Mysterious and ominous, the venue for The Japanese House’s performance, Thekla, is a docked boat that looms in the harbour, a stone’s throw from the heart of Bristol city centre. Although it appears cold and unforgiving from the outside, once inside, it opens up into a small and intimate venue, for no more than 200 or so attendees.
The Japanese House’s opening act, Art House Girlfriend, played the crowd with an impressive vocal performance, but felt overall musically lacklustre with little sonic diversity and a recurring sound that made all songs blend into one long, slow performance.
A reappearing pattern of thick, heavy kicks, slow, rumbling 808s, simple chords and bass lines, and her strong yet soft voice carried what could be described as incomplete backing tracks and melodies, although it could equally be argued that her pronounced voice helped level out the overall performance, leaving the audience satisfied but lukewarm.
The Japanese House began their set with a track from their earlier days, ‘Face Like Thunder’, which, despite being in minor key, provided Thekla with an injection of smooth energy. Amber, of course, being the lead artist in the act, was beautifully accompanied by her drummer, bassist and keyboardist, a fact clear from the very first note played. Her physical energy on stage demonstrated a collected yet enthusiastic showmanship, and the opening track provided a delicate segue into her next song, which exuded an air of acoustic folk, with loose cymbals and a prominent but simple guitar.
Her physical energy on stage demonstrated a collected yet enthusiastic showmanship
At this point in the evening, if someone were to tell you that The Japanese House worked closely with The 1975, and that member George Daniel was a producer on some of Amber’s tracks, you might not be surprised. The layered harmonic vocals, tight digital snares or loud, echoing kicks, thick 808s, plucky bass, and the hauntingly beautiful synth float underneath Amber’s voice and create more than just a song – but render the air thick and heavy with atmosphere.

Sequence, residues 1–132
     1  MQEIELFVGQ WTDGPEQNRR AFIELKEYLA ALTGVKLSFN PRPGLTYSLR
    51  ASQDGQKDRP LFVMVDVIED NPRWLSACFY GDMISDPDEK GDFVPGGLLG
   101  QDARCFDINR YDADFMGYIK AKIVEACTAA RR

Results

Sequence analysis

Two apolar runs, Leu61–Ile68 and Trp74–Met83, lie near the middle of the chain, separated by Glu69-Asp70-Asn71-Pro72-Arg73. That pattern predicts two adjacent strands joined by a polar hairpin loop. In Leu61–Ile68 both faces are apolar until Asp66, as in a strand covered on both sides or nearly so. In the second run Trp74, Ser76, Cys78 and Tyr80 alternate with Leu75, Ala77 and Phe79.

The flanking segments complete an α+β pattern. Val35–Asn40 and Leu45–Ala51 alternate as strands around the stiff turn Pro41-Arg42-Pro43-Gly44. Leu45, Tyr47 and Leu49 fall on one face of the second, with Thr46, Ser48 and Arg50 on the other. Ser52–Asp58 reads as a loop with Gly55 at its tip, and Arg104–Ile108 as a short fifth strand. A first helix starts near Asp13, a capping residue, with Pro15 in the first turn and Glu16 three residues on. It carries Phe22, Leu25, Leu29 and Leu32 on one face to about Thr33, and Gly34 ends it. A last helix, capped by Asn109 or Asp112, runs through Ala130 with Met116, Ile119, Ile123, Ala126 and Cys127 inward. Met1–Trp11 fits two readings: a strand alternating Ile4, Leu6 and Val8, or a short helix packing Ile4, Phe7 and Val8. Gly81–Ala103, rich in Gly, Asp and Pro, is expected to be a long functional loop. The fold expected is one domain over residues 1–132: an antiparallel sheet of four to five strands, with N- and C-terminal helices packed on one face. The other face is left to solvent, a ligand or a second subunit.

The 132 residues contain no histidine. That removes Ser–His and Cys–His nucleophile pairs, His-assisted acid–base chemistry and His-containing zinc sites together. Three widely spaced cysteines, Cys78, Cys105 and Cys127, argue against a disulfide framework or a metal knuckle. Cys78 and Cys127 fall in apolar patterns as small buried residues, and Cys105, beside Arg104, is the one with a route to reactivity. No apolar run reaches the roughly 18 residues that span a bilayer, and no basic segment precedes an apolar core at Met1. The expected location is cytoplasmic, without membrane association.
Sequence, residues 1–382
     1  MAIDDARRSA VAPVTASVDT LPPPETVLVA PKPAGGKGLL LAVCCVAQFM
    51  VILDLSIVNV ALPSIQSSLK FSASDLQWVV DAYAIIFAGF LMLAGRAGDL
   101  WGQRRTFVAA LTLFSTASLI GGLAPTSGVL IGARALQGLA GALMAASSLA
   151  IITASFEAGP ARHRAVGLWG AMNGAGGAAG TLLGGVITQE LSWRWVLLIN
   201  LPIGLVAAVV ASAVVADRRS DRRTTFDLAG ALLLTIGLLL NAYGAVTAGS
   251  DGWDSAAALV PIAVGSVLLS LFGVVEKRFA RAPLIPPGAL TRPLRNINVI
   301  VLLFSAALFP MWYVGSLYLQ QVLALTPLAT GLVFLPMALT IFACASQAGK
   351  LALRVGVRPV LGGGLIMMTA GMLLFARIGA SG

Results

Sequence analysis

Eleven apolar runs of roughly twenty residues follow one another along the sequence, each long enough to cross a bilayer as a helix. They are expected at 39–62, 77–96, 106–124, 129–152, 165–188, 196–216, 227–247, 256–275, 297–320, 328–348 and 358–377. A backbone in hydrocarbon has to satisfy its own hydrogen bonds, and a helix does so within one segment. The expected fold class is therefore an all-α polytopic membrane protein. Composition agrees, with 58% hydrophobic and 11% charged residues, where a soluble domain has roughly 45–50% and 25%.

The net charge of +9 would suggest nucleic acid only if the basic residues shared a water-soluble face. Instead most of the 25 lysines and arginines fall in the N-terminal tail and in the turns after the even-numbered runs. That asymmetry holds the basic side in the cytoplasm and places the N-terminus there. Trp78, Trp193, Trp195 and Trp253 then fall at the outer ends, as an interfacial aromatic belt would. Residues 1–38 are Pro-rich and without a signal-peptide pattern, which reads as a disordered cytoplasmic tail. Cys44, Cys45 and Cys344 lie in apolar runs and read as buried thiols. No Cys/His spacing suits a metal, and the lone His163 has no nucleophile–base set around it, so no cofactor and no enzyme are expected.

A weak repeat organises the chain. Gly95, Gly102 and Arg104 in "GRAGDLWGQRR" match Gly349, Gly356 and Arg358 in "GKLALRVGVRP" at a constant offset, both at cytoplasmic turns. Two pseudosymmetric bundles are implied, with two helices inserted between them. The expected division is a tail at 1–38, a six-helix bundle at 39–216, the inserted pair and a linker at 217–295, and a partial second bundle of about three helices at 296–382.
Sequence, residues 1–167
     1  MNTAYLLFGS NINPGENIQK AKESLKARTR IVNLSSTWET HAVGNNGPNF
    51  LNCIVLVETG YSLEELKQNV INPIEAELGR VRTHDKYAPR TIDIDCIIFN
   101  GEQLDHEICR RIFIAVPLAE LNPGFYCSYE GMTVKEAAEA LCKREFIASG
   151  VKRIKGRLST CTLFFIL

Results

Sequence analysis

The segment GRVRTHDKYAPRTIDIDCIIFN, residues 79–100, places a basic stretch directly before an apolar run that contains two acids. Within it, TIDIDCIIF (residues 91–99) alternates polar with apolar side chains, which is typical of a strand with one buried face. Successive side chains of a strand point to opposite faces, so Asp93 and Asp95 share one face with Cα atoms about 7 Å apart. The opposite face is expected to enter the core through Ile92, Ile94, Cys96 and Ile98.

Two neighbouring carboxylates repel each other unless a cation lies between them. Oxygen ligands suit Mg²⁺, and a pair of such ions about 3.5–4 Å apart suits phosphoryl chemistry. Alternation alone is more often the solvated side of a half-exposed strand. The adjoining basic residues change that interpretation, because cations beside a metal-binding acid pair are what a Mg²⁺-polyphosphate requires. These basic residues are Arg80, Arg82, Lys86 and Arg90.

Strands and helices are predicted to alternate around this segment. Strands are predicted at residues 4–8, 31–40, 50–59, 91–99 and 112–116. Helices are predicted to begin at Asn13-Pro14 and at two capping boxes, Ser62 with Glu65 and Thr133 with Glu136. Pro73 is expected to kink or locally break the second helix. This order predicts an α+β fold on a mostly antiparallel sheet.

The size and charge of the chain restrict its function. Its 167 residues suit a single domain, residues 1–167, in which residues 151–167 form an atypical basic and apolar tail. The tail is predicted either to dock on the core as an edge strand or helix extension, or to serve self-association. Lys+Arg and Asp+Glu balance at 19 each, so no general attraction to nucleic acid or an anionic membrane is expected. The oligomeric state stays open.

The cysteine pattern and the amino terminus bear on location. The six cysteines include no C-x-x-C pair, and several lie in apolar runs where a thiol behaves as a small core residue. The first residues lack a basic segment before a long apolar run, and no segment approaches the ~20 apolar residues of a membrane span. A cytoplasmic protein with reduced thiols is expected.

the hauntingly beautiful synth floated underneath Amber’s voice creating more than just a song
For comparison, listen to any of the slower songs in the Japanese House library, then listen to ‘Paris’, from The 1975’s sophomore record, or ‘Fallingforyou’ from their debut of the same name. The synthesizer and the vocal layering can be heard in Amber’s music as well. It’s not a bad fit.
This was, of course, the tour for The Japanese House to showcase their more recent EP and generate buzz for the upcoming March album. As such, a broad variety of music spanning across Amber’s entire career was on show and did not disappoint. “Follow My Girl” was the anticipated released single of the night, making the boat glow with soulful harmonies. Amber doubles up on the last syllable of one line and the first of the next on the chorus of this track, creating a unique sound that blends every piece of the song together, almost as though she sings with herself.
The song “Still” punctuated the energy of the set in a timely fashion, with slow, echoing drums, and the signature layered vocals that define The Japanese House’s sound. A ballad-like, soulful vocal performance sweeps the listener away into the empty space between each strike of the drums, the negative sonic space creating as much of an effect as any note or chord could. The vocals splash through the music, creating the illusion of waves lapping on the shore.
A ballad-like vocal performance sweeps the listener away into the empty space between each strike of the drums
The live rendition of “Lilo” was the song which most prominently featured vocal talent, and for once, it felt like the quintessential Japanese House building blocks relinquished centre stage to let Amber and her guitar sing through the beat and create a drifting, loose sound with light touches of keys delicately decorating the background.
Amidst all this was Amber’s gentle humour when engaging with the crowd, a mix of contentment and humility, and when the set wrapped up, I was lucky enough to find her and her group outside the venue and thank them for the show.
The Japanese House played the listeners on this floating venue into a tranquil yet enthralled lull with a cornucopia of stylistically varied drums thanks to a very capable percussionist, beautiful vocals and vocal effects. An overall spellbinding live performance that clings true to the crisp cleanliness of the studio originals.